Go to the links below for Anoka, Dakota, Hennepin, Ramsey and Washington counties for information on how and where you can vote early.

Also visit the Minnesota Secretary of State website on more information regarding the 2024 presidential primary in Minnesota, to register to vote, or to check or update your registration.

Author

  • Born and raised in Kenya's coastal city of Mombasa, Tom is the Founder, Editor-in-Chief and Publisher of Mshale which has been reporting on the news and culture of African immigrants in the United States since 1995. He has a BA in Business from Metro State University and a Public Leadership Credential from Harvard’s Kennedy School of Government. He was the original host of Talking Drum, the signature current affairs show on the African Broadcasting Network (ABN-America), which was available nationwide in the United States via the Dish Network satellite service. On the show, he interviewed Nobel laureates such as 2004 Nobel Peace prize winner, Professor Wangari Maathai, the first woman from Africa to win the peace prize and heads of states. Tom has served and chaired various boards including Global Minnesota (formerly Minnesota International Center), the sixth largest World Affairs Council in the United States. He has previously served as the first Black President of the Board of Directors at Books for Africa. He also serves on the boards of New Vision Foundation and the Minnesota Multicultural Media Consortium. He has previously served two terms on the board of the United Nations Association. An avid runner, he retired from running full marathons after turning 50 and now only focuses on training for half marathons.

About Tom Gitaa Gitaa, Editor-in-Chief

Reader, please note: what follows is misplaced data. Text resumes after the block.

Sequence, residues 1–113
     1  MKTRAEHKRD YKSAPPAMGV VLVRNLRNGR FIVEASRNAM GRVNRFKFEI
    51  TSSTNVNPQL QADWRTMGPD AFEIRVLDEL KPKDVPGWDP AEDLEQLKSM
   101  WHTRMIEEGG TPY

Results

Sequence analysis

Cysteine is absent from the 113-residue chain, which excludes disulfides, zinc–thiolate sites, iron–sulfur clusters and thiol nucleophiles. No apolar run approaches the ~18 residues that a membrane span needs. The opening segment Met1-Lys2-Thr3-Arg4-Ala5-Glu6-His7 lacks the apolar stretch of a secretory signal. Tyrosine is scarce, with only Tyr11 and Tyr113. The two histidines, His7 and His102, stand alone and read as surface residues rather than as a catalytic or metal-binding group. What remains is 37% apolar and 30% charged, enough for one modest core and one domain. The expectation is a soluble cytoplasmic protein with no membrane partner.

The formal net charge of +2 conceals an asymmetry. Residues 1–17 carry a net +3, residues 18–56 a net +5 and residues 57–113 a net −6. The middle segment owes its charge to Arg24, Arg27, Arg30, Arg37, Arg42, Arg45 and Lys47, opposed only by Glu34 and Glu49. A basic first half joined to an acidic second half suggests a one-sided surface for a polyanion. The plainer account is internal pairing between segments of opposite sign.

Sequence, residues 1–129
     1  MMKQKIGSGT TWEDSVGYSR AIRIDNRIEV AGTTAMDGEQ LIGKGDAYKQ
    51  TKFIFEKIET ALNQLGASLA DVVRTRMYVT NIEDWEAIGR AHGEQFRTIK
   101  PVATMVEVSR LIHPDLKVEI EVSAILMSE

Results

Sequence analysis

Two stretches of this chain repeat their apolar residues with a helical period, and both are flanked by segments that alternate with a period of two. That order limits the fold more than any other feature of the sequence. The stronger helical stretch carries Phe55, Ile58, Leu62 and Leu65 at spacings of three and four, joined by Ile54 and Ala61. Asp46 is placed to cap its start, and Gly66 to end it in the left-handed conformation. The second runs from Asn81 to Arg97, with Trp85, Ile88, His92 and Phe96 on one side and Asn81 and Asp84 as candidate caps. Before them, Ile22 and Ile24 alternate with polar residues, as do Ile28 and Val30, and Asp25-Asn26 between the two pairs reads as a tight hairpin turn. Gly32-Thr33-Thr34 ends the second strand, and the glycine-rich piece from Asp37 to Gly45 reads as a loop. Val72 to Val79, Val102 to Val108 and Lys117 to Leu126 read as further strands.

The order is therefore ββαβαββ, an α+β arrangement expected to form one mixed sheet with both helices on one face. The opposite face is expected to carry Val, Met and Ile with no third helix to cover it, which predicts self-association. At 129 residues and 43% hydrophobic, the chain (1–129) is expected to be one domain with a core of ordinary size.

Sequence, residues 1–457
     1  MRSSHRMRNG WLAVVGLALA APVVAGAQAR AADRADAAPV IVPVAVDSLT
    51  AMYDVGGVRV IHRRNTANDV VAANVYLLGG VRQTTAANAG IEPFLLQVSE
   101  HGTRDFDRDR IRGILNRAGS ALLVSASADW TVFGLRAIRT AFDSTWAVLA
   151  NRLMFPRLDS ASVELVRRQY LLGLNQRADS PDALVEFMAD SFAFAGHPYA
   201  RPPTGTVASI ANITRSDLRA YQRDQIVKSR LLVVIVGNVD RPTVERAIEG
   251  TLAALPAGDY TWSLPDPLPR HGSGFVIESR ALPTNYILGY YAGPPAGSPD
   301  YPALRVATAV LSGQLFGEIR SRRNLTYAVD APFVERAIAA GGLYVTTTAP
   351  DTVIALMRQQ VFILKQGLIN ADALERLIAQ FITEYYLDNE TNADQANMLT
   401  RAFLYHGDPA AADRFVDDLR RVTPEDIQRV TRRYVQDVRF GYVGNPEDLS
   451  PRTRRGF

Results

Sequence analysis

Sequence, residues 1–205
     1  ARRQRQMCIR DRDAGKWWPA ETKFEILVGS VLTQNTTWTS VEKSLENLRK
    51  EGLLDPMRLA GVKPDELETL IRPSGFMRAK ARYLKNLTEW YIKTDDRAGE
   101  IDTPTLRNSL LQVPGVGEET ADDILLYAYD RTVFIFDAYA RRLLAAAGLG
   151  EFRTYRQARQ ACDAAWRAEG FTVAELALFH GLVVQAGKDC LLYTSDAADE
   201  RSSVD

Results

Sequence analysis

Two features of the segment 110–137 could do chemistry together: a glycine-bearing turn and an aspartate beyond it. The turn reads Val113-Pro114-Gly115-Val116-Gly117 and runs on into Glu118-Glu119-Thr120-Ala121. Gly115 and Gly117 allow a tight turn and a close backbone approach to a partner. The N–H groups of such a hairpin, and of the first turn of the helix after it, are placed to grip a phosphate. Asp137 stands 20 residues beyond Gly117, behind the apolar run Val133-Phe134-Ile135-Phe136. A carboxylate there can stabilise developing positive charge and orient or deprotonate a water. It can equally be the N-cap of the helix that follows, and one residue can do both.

Born and raised in Kenya's coastal city of Mombasa, Tom is the Founder, Editor-in-Chief and Publisher of Mshale which has been reporting on the news and culture of African immigrants in the United States since 1995. He has a BA in Business from Metro State University and a Public Leadership Credential from Harvard’s Kennedy School of Government. He was the original host of Talking Drum, the signature current affairs show on the African Broadcasting Network (ABN-America), which was available nationwide in the United States via the Dish Network satellite service. On the show, he interviewed Nobel laureates such as 2004 Nobel Peace prize winner, Professor Wangari Maathai, the first woman from Africa to win the peace prize and heads of states. Tom has served and chaired various boards including Global Minnesota (formerly Minnesota International Center), the sixth largest World Affairs Council in the United States. He has previously served as the first Black President of the Board of Directors at Books for Africa. He also serves on the boards of New Vision Foundation and the Minnesota Multicultural Media Consortium. He has previously served two terms on the board of the United Nations Association. An avid runner, he retired from running full marathons after turning 50 and now only focuses on training for half marathons.